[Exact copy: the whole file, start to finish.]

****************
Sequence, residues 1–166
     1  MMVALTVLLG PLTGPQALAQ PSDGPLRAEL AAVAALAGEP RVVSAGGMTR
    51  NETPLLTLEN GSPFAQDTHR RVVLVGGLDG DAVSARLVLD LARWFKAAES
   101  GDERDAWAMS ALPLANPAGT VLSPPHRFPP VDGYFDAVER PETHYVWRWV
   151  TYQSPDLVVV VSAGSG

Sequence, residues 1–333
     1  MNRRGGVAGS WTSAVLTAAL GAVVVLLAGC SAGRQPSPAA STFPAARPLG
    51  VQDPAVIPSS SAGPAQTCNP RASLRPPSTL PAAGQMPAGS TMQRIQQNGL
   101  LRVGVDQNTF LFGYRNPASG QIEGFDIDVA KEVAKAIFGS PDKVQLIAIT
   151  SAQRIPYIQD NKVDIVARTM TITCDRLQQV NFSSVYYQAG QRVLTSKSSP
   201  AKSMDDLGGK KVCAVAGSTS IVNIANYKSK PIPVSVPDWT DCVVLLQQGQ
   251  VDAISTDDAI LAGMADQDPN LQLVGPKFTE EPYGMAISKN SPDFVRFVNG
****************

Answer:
Sequence, residues 1–166
     1  MMVALTVLLG PLTGPQALAQ PSDGPLRAEL AAVAALAGEP RVVSAGGMTR
    51  NETPLLTLEN GSPFAQDTHR RVVLVGGLDG DAVSARLVLD LARWFKAAES
   101  GDERDAWAMS ALPLANPAGT VLSPPHRFPP VDGYFDAVER PETHYVWRWV
   151  TYQSPDLVVV VSAGSG

Sequence, residues 1–333
     1  MNRRGGVAGS WTSAVLTAAL GAVVVLLAGC SAGRQPSPAA STFPAARPLG
    51  VQDPAVIPSS SAGPAQTCNP RASLRPPSTL PAAGQMPAGS TMQRIQQNGL
   101  LRVGVDQNTF LFGYRNPASG QIEGFDIDVA KEVAKAIFGS PDKVQLIAIT
   151  SAQRIPYIQD NKVDIVARTM TITCDRLQQV NFSSVYYQAG QRVLTSKSSP
   201  AKSMDDLGGK KVCAVAGSTS IVNIANYKSK PIPVSVPDWT DCVVLLQQGQ
   251  VDAISTDDAI LAGMADQDPN LQLVGPKFTE EPYGMAISKN SPDFVRFVNG